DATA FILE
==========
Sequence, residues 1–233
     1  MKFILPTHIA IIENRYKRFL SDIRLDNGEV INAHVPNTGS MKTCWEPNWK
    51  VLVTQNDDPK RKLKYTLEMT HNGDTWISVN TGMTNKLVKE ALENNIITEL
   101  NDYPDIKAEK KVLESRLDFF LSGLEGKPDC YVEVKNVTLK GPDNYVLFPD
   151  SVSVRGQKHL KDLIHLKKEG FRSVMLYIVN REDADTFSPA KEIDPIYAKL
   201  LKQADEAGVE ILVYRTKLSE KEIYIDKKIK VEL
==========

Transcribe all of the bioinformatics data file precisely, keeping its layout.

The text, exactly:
Sequence, residues 1–233
     1  MKFILPTHIA IIENRYKRFL SDIRLDNGEV INAHVPNTGS MKTCWEPNWK
    51  VLVTQNDDPK RKLKYTLEMT HNGDTWISVN TGMTNKLVKE ALENNIITEL
   101  NDYPDIKAEK KVLESRLDFF LSGLEGKPDC YVEVKNVTLK GPDNYVLFPD
   151  SVSVRGQKHL KDLIHLKKEG FRSVMLYIVN REDADTFSPA KEIDPIYAKL
   201  LKQADEAGVE ILVYRTKLSE KEIYIDKKIK VEL